‘Plants from Temperate Zones Used in Homoeopathic Medicine—Botanical, Ecological and Pharmacognostic Features’by Jośe Waizel-Bucay. Independently Published, 2019. 360 pages. ISBN: 1691300802, 9781691300808
07 March 2020 (online)
The book is available both in eBook and print has eight chapters. As indicated in the ‘Preface’, it is a quick index ‘in a summarized form’ about plants of temperate world zone used in Homoeopathy.
In the brief ‘Introduction’, the author has made general observations about usage of plants by mankind since ancient times, not only for food but also for alleviating disease. Brief classifications of major divisions of plants and numerical data on possible number of species for each category have been appended in tabular form. A brief note on the heading ‘Plants of Homoeopathy’ traces the beginning of Homoeopathy and gives a conservative estimate as of (only) 390 to 1,000 or more plant remedies as being used in the system. Several references from which the above number was derived have also been given. In it the author mentions that he has published another compilation of plants useful in Homoeopathy from arid zones.
A short section mentioning the metabolites derived from plants has been given and a mention about their concentrations varying within the plant body has been touched upon, depending upon seasonal change and environment. This hints at the possibility of variation and cause of loss of quality of raw drug plant material which may differ from batch to batch when supplied to drug manufacturers. However, no other references or elaborations of any such studies have been performed by the author or from work done on the plants listed; it has been cited to possibly justify the title ‘ecological’ and ‘pharmacognostic’.
As mentioned by the author the book has sections translated from another language. English grammar and spelling should have been checked in many places as also the correct scientific names and in the order they have been published. Accuracy of local names to the valid botanical names are too numerous to be counter checked. While continental language names such as English, French and Spanish have been given, in case of more exotic names, an attempt at determining them (say as one of the Africanese or Asiatic or Chinese languages) would have thrown light on the origin of the drug and would have been much appreciated instead of ‘Other language’.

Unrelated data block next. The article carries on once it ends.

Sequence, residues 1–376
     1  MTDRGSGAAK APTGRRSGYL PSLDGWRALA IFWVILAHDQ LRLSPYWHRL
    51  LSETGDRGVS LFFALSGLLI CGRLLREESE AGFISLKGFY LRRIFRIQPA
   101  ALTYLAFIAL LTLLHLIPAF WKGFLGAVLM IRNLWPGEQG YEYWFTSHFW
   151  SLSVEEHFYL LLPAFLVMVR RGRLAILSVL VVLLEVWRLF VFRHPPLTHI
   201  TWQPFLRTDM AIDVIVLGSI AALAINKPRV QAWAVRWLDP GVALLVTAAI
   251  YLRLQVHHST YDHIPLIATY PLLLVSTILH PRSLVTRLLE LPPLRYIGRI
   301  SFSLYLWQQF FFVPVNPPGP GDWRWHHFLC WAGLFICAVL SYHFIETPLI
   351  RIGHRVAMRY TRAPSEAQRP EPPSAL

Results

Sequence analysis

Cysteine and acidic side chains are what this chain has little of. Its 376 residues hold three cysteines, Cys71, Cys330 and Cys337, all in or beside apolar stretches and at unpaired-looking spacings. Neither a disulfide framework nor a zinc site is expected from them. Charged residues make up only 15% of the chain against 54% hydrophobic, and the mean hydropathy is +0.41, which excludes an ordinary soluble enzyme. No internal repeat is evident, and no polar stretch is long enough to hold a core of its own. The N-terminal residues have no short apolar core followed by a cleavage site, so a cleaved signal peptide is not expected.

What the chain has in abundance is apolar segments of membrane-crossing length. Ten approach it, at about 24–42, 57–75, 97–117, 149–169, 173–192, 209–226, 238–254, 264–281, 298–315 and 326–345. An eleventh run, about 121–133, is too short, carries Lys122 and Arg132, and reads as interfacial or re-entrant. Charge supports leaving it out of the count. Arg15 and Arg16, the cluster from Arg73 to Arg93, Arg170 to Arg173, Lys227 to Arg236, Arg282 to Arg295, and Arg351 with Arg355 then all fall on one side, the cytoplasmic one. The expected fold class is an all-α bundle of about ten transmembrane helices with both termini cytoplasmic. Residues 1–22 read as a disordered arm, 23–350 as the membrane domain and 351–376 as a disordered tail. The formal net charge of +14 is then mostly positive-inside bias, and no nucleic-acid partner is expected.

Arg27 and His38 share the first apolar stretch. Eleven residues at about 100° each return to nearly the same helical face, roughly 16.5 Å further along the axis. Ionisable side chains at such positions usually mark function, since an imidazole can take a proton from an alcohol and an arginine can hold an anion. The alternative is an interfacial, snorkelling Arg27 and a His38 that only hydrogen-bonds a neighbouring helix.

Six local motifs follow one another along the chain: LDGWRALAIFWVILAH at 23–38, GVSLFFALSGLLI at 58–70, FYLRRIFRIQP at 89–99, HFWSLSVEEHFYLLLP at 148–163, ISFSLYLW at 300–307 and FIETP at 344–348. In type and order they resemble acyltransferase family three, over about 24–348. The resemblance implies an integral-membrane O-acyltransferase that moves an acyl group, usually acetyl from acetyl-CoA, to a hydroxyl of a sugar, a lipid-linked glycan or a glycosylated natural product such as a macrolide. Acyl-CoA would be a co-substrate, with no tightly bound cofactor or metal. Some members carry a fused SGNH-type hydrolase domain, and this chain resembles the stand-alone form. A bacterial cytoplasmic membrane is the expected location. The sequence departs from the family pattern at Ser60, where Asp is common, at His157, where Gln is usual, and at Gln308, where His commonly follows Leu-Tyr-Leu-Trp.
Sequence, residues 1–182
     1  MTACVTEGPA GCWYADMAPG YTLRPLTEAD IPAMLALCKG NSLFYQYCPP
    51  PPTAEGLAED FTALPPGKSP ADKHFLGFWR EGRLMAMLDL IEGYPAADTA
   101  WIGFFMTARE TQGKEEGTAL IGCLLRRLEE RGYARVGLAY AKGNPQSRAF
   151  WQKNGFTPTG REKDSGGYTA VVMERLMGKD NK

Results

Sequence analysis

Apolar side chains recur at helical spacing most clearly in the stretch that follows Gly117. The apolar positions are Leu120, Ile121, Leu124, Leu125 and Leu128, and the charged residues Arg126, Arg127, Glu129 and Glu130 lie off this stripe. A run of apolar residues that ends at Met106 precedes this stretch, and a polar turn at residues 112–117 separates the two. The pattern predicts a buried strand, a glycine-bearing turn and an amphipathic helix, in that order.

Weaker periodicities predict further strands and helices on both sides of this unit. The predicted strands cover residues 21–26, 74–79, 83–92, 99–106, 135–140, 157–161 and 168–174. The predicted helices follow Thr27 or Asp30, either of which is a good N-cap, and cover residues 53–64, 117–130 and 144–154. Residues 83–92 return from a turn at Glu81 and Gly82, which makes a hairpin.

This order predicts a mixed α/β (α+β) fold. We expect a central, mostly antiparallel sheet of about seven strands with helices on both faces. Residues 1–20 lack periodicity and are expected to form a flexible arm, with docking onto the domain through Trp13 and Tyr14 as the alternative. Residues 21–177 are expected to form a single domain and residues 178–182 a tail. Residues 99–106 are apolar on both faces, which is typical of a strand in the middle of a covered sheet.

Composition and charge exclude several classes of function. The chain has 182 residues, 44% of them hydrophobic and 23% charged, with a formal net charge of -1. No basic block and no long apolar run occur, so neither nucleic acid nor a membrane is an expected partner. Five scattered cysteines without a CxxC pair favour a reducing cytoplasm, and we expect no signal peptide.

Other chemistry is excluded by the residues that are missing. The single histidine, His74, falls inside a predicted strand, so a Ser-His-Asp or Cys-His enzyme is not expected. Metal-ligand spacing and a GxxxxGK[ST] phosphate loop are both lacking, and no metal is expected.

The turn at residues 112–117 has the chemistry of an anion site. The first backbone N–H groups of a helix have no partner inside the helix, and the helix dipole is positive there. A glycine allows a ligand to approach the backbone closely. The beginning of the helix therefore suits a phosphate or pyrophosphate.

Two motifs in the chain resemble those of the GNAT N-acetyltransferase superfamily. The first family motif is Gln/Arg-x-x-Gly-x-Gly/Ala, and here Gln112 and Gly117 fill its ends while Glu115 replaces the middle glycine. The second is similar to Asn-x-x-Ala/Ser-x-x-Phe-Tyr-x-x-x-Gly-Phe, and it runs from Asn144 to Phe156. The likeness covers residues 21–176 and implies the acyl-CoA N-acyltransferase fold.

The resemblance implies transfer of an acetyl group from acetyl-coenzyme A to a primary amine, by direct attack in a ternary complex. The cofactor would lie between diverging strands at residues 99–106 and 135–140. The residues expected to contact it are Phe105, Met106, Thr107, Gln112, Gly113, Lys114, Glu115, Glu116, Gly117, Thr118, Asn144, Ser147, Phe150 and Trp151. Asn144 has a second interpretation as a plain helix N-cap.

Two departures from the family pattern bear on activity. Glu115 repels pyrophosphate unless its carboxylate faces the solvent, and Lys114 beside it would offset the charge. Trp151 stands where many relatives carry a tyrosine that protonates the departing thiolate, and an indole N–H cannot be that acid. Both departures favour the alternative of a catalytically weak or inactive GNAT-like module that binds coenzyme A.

Chapter II deals with the classification of climate zones and an explanation of temperate climate in particular has been attempted. While doing so the classification according to Aristotle (as an ancient authority) and another by Wladimir Koppen & Rudolph Geiger (1928) in modern times has been highlighted. A further breakdown of this temperate climate into subtypes such as ‘Mediterranean’, ‘Chinese’, ‘Oceanic’ and ‘Continental’ as per D'Ambrosio (2008) (sic) has been listed in a tabular column. No other links to the plants listed have been attempted.
Chapter III deals with the enumeration of the list of plants (700, as given), along with references, abbreviations used. Orthographic variation (spelling variations) and differing author names with the same names have been repeatedly listed. Full author citations would have given the dates of publication thereby establishing the rule of priority of publications and ensuring which name should be accepted as the valid botanical name even in later plant taxonomical revisions and monographs. A brief list of definitions of botanical habit (as Life form) has been given. Even here the definition for ‘Epiphytes’ should be plants merely growing physically on other tall plants (trees) but not in symbiotic relationship which is more applicable for partial or total plant parasites which are altogether categorised differently. Similarly ‘Weeds’ are not just ‘low lying broad leaved plants’ but occur in competition to cultivated plants in crop fields. They are mostly herbs but if left to grow undisturbed, depending upon their ‘life form’, may become shrubs. The geographical distribution mentions the plants as occurring continent/country wise. The enumeration is in alphabetical order. Each entry has a few recent references given at the end.